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Tampa Tribune: Common Core standards can work for the U.S.

Monday, July 22, 2013


Reflective of 50 states, America’s education system has been supporting 50 standards for learning, resulting in wide disparities in student proficiency across the country. This inconsistency may be one of the reasons the U.S. has fallen behind the international learning curve. As our economies globalize and the job market becomes increasingly competitive, education reform on a national scale has never been more important.
The first step toward nationwide education reform in the U.S. is already underway. A collaboration of parents, lawmakers and education professionals, the Common Core State Standards (CCSS) provide an educational foundation designed to unite students under a common system of learning with clear expectations for student education and achievement as they progress from one level to the next.

What makes this type of learning method so effective? To begin with, it starts with greater focus on “core” subjects, such as reading and mathematics, and allows educators more time to delve deeper into each new piece of material, like peeling away the layers of an onion.

Additionally, the CCSS are internationally benchmarked, taking into account the education standards of other nations when creating this new learning path for its students. This is important because it attempts to dissolve educational barriers and recognize the significance of global education. The CCSS is more than a new set of standards; it’s a movement toward a better future, where meaningful and comprehensive comparisons will exist between student performance and achievement across the U.S. and even the world.

Like every education reform, it has its critics, but the overwhelming support of 46 states cannot be ignored.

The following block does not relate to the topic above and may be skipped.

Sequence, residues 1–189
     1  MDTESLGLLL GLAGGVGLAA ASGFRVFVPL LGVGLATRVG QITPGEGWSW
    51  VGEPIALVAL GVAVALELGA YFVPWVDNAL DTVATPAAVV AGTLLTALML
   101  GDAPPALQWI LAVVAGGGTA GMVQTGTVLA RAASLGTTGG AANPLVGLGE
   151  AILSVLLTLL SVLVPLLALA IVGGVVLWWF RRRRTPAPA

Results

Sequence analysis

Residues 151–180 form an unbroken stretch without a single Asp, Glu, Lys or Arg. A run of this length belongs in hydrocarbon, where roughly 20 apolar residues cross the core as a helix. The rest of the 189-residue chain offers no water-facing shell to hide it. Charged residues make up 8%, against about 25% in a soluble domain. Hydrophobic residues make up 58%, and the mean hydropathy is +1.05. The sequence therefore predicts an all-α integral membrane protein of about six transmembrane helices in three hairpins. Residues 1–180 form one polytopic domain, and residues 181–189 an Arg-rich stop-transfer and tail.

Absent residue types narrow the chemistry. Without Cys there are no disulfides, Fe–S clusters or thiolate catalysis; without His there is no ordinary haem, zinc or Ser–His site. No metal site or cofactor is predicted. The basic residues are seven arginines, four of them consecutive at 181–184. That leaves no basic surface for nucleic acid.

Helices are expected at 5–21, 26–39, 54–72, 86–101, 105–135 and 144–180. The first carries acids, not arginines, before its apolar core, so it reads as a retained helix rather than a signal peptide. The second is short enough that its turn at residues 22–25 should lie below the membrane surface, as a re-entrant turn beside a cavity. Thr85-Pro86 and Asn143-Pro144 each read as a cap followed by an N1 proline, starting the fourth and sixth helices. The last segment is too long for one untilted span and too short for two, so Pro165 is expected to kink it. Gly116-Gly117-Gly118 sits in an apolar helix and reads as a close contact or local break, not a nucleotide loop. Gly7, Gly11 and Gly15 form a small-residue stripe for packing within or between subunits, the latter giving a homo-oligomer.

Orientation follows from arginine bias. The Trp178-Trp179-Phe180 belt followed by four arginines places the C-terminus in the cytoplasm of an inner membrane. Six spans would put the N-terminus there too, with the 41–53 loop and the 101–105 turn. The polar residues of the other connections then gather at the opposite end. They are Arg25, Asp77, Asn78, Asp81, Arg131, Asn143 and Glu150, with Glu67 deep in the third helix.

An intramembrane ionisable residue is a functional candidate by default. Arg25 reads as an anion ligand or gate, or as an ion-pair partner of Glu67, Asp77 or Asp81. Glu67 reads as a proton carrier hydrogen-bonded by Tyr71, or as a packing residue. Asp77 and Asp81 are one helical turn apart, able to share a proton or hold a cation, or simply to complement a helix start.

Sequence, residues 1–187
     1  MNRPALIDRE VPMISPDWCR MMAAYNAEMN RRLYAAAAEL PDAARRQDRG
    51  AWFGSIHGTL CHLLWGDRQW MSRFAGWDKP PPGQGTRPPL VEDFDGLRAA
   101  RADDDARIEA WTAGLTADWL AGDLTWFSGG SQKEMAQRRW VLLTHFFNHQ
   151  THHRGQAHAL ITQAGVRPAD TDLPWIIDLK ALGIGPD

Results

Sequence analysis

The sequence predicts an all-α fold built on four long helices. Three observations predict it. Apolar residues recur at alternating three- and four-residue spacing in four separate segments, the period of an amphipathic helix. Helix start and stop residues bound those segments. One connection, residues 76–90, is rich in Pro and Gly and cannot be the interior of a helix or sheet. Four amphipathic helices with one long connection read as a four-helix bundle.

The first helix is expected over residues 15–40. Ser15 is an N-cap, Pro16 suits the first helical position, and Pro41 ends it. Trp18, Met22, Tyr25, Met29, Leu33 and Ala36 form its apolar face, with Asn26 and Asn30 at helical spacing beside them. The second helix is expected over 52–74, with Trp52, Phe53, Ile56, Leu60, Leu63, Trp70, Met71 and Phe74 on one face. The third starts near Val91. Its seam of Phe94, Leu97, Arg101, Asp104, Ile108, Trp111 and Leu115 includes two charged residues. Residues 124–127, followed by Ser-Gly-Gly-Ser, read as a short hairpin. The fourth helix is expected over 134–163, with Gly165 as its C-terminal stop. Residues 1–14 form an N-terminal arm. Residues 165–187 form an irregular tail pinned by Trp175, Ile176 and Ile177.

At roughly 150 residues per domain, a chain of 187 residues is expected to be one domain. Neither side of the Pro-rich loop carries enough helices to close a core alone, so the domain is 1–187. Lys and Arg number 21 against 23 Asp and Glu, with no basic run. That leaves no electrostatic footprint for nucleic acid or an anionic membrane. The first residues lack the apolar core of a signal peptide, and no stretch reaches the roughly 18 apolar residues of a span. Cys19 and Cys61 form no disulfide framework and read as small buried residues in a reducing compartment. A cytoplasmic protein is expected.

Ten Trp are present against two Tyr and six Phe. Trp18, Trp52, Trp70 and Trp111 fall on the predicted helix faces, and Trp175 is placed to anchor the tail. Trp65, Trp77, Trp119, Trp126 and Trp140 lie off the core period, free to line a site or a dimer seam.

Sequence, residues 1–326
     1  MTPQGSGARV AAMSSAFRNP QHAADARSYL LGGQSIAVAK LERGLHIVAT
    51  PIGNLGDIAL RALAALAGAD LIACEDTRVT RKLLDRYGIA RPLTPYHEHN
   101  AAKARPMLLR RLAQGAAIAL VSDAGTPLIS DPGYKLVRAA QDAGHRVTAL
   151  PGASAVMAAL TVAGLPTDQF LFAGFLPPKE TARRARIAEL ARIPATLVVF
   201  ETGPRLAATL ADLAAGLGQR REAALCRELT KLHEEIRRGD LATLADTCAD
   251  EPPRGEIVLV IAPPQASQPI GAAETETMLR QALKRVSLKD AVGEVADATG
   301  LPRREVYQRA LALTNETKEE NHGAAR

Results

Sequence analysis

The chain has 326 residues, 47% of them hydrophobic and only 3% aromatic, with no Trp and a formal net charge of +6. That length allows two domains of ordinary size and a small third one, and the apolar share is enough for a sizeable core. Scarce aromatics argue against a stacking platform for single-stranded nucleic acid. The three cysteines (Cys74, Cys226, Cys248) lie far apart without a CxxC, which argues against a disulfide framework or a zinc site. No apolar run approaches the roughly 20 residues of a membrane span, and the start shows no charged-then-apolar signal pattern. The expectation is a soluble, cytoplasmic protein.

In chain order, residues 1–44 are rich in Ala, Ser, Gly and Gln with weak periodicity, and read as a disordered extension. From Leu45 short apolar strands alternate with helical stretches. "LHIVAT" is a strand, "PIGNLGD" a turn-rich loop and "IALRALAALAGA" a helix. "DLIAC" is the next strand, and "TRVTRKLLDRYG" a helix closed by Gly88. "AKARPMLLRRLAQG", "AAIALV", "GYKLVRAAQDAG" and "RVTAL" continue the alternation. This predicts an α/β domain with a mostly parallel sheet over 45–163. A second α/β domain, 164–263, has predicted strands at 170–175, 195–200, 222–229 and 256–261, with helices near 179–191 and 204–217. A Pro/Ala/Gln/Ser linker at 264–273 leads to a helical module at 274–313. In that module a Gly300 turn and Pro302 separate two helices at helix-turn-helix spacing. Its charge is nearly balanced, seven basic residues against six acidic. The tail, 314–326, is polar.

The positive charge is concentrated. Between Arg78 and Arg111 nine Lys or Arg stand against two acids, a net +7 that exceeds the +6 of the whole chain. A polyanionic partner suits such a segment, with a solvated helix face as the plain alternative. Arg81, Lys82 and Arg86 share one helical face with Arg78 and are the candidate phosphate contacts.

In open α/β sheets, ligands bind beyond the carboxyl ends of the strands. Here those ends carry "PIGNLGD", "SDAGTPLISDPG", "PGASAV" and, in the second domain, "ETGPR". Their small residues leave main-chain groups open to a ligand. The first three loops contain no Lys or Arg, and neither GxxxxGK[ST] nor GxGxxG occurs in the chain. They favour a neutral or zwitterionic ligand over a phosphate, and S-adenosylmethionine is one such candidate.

At Cambridge International Examinations, our support for Common Core is grounded in our own approach to curriculum development. Our curriculum, similar to the CCSS, has been offered by schools for many years – and our students and teachers have witnessed impressive results.

We’ve seen our learners succeed with these techniques, allowing them to better prepare for college and careers. Cambridge programs in the States include coursework, teacher training, assessments and educational support for more than 210 U.S. schools. We have mapped our high school level courses in English and math to the new standards and will soon apply the same process to our science courses. These adapted Cambridge exams are being piloted by schools in Arizona, Connecticut and Mississippi as part of a U.S. education program called “Excellence for All.”

Another important emphasis of the CCSS is the development of learners’ critical thinking, communication and analysis skills. We work with students who participate in a unique skills-based curriculum called Cambridge Global Perspectives, which is being used by U.S. high schools. The “Critical Path,” which is a crucial part of this course, is unique because it provides a clearly defined way of teaching and measuring these thinking skills.

We consistently hear from teachers and students who experience our programs, and according to a recent Cambridge study, more than 90 percent of our educators who teach in the Global Perspectives curriculum feel confident that it meets the depth and rigor required for college-level study. Our students are satisfied as well – nearly 80 percent of them believe that these courses have helped them develop into well-informed, independent-minded individuals capable of applying their skills to the modern world.

Cambridge is committed to continuing to support great initiatives such as the CCSS, which have been designed to elevate the U.S. learning system on a global level, clarifying education expectations and supporting the common goal of high-quality education for every student. The CCSS is the first of many steps toward raising academic standards.

As education leaders of today, it is our responsibility to support a brighter future for students around the world. There’s no better way to accomplish this than to challenge our children and give them the best learning foundation possible to support their success.

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